The worldviews of the modern West, of Scotland, and of Edinburgh, are rooted in the character of Jesus of Nazareth. It is because of Early Christianity that we see all people as having intrinsic value and see sacrifice for those who do not deserve it as noble. A good example of this can be seen in an article I wrote about ‘Early Christian Responses to the Antonine Plague’, in the Retrospect issue ‘Prejudice and Pandemics’, The ways the Christians and the ‘pagans’ responded to this ancient plague were vastly different.  The pagans fled Rome and abandoned the sufferers, leaving their dead unburied. In contrast, the Christians stayed and nursed the sick, saving many, but some of the carers died. They sacrificed themselves so others would live. This is not to argue that modern, secular people cannot do good things, or that Christianity has been the sole influence on our culture, but that our society owes far more to Christianity, and consequently to Jesus of Nazareth, than is often realised. But, as argued by Helen Bond in the quote at the beginning of this series, Christianity is about more than moral values. ‘Fundamental to Christian belief is the Incarnation, the idea that God became human in one historical person.’ All the Christian, and consequently Western, moral values are nothing without Jesus.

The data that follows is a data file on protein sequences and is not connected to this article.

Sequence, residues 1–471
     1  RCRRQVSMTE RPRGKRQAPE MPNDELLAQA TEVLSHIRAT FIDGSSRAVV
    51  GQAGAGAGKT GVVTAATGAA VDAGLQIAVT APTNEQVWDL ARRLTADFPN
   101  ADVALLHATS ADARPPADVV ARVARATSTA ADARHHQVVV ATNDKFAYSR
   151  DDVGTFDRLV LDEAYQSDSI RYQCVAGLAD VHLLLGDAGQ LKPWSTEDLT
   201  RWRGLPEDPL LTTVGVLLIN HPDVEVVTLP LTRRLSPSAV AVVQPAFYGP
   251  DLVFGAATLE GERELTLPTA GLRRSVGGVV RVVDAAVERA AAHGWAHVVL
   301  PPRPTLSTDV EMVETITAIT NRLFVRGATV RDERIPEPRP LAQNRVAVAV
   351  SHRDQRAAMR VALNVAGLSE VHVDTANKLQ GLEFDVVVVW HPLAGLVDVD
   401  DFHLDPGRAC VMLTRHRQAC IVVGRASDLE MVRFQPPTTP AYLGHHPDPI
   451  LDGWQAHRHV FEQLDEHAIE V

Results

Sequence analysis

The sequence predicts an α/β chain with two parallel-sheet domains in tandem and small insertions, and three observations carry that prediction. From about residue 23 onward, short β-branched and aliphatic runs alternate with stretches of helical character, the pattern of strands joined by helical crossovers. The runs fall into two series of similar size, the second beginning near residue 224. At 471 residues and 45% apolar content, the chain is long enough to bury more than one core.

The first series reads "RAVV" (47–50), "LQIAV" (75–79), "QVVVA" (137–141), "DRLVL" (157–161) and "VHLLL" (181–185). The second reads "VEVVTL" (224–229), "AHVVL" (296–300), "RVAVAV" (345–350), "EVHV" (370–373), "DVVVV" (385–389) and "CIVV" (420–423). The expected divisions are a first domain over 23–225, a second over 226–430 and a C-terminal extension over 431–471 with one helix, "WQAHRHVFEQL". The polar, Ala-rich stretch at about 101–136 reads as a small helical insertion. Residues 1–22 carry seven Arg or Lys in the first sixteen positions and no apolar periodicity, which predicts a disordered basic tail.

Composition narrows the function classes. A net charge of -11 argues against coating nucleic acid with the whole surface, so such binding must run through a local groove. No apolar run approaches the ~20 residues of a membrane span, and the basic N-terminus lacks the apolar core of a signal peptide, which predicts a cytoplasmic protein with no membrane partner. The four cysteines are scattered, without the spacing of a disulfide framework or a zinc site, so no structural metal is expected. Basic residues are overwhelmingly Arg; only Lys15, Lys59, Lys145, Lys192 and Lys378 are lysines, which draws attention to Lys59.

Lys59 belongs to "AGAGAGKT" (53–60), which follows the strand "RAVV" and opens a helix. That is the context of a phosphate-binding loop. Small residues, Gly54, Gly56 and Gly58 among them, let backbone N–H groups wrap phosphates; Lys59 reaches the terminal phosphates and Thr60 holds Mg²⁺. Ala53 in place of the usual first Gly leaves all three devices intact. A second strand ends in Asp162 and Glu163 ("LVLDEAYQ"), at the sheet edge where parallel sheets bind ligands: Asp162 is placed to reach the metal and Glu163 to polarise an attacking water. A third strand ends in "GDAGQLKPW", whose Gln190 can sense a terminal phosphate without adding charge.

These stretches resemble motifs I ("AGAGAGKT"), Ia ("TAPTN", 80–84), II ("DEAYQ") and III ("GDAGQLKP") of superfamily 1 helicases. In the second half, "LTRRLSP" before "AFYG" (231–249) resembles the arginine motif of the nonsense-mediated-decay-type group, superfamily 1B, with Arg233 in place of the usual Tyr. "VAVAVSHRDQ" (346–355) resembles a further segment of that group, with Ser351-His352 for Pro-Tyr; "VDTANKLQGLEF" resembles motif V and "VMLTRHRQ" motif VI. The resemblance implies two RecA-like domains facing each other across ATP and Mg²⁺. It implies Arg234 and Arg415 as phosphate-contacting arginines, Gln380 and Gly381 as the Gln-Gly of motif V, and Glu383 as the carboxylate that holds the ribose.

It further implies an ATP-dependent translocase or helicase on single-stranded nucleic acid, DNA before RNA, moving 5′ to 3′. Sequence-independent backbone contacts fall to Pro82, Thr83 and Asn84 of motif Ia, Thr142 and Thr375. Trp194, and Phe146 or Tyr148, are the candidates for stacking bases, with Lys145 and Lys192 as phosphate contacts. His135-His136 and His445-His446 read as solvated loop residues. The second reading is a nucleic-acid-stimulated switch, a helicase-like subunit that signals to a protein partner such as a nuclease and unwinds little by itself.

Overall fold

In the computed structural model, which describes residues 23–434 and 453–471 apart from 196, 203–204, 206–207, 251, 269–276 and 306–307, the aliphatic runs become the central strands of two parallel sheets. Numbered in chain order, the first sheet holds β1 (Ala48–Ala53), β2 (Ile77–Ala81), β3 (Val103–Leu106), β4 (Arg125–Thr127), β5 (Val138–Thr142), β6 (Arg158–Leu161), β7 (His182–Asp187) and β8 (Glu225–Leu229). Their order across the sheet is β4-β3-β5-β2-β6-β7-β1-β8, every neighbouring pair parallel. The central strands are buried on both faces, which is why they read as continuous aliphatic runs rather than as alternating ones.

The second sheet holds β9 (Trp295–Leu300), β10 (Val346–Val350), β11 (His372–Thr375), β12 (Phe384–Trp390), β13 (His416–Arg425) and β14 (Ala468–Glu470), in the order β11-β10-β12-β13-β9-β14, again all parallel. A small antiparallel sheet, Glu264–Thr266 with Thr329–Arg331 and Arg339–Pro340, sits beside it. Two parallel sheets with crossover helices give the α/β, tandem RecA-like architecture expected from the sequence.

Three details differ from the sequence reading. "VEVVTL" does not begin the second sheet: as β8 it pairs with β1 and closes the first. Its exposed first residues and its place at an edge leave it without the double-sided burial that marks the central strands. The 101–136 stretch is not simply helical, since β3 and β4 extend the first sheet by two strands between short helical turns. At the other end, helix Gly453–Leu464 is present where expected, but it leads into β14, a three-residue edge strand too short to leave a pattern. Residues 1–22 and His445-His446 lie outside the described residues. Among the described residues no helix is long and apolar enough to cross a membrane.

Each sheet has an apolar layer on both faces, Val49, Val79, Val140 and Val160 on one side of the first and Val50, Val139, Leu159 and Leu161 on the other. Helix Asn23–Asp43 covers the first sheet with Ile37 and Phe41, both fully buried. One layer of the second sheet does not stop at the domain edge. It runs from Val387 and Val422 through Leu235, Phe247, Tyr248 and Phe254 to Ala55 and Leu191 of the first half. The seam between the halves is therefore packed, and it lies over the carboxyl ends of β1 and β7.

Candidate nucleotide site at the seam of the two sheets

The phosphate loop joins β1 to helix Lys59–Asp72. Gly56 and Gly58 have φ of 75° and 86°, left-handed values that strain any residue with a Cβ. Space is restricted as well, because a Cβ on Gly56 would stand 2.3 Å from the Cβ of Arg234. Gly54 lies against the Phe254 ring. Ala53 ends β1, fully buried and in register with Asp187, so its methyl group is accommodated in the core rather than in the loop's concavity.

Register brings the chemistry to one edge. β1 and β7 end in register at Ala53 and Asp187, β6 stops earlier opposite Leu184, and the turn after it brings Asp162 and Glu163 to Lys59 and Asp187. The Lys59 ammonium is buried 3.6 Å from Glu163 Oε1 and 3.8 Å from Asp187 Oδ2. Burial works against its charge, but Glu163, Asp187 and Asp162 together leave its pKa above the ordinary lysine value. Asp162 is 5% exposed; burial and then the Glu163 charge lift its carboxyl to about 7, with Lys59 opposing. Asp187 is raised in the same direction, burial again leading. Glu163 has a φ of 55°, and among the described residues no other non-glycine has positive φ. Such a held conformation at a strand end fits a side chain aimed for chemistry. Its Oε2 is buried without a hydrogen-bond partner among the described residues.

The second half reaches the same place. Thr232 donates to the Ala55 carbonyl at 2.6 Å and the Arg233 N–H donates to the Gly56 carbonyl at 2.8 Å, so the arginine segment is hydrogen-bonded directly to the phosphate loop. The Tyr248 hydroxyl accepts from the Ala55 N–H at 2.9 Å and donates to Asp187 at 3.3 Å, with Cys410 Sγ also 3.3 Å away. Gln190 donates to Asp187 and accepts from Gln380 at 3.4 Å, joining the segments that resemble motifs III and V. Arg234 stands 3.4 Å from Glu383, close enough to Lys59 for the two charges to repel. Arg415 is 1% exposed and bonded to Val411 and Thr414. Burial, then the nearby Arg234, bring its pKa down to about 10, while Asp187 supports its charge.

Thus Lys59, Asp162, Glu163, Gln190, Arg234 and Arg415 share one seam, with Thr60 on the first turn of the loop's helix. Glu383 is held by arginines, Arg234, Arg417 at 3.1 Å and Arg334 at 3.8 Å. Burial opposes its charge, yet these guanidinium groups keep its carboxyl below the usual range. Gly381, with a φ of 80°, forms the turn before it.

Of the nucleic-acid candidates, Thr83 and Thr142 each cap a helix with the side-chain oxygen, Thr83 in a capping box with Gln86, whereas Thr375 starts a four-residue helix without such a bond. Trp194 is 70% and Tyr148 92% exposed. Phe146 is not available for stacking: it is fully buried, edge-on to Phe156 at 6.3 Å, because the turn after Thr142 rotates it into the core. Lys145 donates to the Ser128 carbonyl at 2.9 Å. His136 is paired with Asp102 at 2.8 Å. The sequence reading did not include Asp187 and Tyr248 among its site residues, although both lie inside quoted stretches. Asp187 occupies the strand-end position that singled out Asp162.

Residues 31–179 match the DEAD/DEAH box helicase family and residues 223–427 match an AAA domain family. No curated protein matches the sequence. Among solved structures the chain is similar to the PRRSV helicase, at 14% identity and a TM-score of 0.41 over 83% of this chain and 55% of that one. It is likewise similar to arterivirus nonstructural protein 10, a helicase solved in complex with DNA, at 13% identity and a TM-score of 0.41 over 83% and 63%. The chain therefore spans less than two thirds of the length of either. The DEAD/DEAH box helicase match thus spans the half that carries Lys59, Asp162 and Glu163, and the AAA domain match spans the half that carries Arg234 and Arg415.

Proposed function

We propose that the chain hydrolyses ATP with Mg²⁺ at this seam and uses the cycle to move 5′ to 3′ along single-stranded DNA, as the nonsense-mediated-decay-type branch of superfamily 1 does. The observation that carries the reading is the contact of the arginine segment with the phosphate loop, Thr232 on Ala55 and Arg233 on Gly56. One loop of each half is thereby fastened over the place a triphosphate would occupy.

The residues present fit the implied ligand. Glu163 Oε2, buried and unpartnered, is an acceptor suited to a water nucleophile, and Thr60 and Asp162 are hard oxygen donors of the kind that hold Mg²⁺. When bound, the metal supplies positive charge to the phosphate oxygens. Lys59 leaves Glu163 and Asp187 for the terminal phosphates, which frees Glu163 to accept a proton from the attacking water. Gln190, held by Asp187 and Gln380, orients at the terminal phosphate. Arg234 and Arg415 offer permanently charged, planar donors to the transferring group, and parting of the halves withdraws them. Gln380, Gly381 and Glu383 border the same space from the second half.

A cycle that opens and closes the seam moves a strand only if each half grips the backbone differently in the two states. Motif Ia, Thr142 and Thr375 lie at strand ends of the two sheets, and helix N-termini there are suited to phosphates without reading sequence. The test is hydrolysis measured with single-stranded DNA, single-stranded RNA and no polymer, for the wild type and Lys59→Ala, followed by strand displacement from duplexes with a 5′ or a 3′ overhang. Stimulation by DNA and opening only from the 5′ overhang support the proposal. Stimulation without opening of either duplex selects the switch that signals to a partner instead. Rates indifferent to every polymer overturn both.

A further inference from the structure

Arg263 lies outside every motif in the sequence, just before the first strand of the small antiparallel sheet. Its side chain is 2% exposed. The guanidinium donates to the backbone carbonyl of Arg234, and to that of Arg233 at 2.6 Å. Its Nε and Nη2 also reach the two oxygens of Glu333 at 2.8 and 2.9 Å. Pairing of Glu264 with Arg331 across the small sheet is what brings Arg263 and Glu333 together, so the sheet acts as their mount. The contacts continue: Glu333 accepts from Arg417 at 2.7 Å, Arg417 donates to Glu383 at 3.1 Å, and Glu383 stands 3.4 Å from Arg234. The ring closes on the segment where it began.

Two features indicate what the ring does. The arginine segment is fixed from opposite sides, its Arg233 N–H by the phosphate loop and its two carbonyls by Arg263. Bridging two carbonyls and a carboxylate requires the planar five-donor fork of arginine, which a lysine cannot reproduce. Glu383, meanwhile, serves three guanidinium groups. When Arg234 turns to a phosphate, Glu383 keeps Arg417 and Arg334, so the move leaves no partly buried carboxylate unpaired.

Around 125 C.E. a Christian philosopher, Aristides, summarised what Christians believe in a letter to Emperor Hadrian. He wrote,